When I need to move my big benches, I use a set of piano dollies.

These dollies have an “L” shaped steel support that slips under the object you are moving. The wheels are on a bar that rotates down for rolling the object. Straps are used to secure the dollies to the object.

I’m assuming they are still available.
I’ve seen these dollies for rent at local moving equipment suppliers.

I bought my piano dollies in the late 1960’s when I was playing in bands. I had to move a monster Hammond B-3 Organ to gigs. Now a play harmonicas that I can carry in my pocket. Harmonicas – musical hand tools!

-- 温故知新

View swirt's profile

swirt

1952 posts in 1718 days


#5 posted 07-21-2010 04:18 PM

Chris Schwarz approach seemed pretty nice (the one BobLang showed).

-- Galootish log blog, http://www.timberframe-tools.com

View HorizontalMike's profile

HorizontalMike

6968 posts in 1660 days


#6 posted 07-21-2010 05:24 PM

Thanks for the replies. It makes sense to have the bench immovable while working. I think I’ll nix the wheels idea for now.

As far as the flip-under wheel setup. I don’t think I want to lift half of a 400-500lb. bench while standing on one foot while sticking my other foot under the board with the wheels and singing Dixie at the same time. Not sure it would do this old man’s back any good, much less an errant toe! Neat idea if there was a safer way of engaging/disengaging the wheels.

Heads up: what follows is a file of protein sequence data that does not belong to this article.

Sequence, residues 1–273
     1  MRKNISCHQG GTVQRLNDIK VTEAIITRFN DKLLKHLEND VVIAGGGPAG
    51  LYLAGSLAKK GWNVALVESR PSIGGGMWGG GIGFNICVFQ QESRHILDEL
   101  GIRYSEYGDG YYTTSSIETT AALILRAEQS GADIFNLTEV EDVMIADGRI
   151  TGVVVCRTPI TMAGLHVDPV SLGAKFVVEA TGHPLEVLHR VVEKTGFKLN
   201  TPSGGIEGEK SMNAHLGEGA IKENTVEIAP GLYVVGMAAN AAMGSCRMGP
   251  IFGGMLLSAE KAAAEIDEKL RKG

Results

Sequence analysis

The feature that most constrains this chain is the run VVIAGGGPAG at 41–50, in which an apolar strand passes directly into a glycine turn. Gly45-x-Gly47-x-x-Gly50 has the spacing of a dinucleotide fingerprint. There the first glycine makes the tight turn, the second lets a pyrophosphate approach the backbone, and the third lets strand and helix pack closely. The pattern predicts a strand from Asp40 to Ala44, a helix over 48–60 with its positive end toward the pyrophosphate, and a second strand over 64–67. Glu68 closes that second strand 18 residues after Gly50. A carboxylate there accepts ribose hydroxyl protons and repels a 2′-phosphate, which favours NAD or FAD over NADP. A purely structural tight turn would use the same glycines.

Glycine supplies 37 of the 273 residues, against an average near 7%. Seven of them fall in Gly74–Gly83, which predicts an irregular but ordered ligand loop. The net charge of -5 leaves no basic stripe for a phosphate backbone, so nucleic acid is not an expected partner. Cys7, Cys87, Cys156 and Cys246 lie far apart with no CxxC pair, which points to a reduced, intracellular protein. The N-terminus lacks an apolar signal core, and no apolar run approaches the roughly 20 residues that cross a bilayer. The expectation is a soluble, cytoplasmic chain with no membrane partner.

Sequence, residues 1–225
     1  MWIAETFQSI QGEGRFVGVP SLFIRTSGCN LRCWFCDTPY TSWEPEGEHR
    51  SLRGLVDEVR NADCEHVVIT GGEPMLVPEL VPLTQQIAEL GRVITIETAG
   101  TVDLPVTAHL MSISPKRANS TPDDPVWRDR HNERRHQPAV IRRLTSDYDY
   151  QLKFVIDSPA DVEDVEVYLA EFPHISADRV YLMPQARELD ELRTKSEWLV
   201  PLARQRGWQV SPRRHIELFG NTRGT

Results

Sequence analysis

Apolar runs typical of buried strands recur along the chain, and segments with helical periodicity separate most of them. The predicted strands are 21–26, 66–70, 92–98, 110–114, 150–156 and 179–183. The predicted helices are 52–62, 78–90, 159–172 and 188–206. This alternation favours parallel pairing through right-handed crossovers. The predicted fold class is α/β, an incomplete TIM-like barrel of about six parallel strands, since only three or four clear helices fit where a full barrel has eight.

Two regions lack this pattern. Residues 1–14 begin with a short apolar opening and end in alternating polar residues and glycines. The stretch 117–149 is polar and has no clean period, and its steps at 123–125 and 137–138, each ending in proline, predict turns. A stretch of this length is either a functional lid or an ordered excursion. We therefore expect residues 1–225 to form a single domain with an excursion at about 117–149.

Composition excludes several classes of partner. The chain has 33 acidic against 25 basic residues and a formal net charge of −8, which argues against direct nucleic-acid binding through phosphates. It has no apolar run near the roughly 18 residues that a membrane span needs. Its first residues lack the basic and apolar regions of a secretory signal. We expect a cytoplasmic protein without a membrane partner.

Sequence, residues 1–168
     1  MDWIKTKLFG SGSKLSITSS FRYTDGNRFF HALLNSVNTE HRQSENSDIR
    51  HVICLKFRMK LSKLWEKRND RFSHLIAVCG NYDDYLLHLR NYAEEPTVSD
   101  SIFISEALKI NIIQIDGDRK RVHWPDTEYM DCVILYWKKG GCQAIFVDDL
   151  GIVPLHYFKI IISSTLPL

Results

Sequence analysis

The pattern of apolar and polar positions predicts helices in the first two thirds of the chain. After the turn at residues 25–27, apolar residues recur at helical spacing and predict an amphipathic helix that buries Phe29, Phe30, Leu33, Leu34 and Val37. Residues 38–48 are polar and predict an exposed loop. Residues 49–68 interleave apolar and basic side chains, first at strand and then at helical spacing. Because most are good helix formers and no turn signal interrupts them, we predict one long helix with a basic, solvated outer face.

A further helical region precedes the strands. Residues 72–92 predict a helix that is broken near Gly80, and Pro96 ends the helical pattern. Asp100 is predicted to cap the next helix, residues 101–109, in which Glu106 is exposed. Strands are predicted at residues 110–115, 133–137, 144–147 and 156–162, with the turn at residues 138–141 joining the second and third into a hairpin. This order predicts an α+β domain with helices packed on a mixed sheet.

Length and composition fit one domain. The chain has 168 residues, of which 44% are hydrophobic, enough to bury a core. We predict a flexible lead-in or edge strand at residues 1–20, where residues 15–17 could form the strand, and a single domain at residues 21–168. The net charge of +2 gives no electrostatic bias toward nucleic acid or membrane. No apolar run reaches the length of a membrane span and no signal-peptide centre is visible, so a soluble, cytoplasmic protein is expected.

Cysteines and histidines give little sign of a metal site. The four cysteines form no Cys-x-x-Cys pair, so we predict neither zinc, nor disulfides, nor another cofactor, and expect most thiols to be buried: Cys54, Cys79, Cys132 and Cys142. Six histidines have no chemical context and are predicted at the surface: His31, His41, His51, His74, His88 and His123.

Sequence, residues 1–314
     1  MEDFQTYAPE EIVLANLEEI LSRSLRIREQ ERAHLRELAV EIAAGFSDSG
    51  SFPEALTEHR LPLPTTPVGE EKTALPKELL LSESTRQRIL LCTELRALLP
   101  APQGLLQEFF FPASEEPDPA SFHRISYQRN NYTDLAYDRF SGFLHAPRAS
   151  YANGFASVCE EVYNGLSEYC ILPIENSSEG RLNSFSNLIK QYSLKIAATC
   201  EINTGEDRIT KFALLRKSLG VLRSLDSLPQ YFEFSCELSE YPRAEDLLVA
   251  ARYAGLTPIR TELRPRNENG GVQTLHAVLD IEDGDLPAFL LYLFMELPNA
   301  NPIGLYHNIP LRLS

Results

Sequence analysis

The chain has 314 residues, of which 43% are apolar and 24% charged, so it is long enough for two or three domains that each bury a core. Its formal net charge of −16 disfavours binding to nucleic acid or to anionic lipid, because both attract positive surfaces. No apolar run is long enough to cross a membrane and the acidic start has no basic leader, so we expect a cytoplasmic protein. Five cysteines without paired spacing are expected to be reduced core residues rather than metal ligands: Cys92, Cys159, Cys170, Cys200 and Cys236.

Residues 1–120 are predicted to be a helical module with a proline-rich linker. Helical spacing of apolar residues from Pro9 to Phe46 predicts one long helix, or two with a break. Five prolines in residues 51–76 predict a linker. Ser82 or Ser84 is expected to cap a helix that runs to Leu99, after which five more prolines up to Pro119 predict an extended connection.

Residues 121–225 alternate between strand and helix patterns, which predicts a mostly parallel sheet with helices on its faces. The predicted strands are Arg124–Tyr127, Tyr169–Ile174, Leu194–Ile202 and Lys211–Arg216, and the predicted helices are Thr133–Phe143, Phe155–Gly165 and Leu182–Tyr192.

As far as leg height, I lengthened the legs and shortened the length of the top by 1 1/2” So problem solved. BTW, it is a 100mile round trip for me to visit the lumberyard so I was not too enthused at the prospects of returning just to pick up 1 or 2 more boards.

Hey, I have got to give my local lumberyard guy (BlueLinx Hardwoods, San Antonio, TX) some well earned kudos for how well he estimated my first project’s 8/4 lumber needs:
http://www.horizontalheavens.com/GarageWorkshop/BenchLumberLayout.jpg
And he did nearly all of this in his head while looking at the material list of cut pieces! I worked this up on CorelDraw after I got back home.

Q: Two of my 8/4×10’ are 9” wide. Do you think I can get by setting my 8” jointer fence to just over 4 1/2” and running the board once over and rotating it horizontally just to flatten it enough for ripping on the TS after squaring the edge first?

-- HorizontalMike -- "Woodpeckers understand..."

View swirt's profile

swirt

1952 posts in 1718 days


#7 posted 07-21-2010 05:45 PM

It’s a physics thing…if the lift one end of the bench, you are lifting less than half of its weight. The higher you lift, the more weight shifts to the other set of legs. But I see your point. That’s a heavy bench.

There is actually a way to make that safer … at least not involving putting the toes at risk. A movable counter weight on each flip device. Move the counter weight to one side and it makes it so when you lift the bench, the wheels are forced by the counterweight under the bench legs. Move the counterweight to the other side of the flip device and when you lift the bench it forces the wheels out of the way so the bench can be put back on its feet. But that might be a little more work than you had in mind. It all depends on how badly you need to move the bench.

-- Galootish log blog, http://www.timberframe-tools.com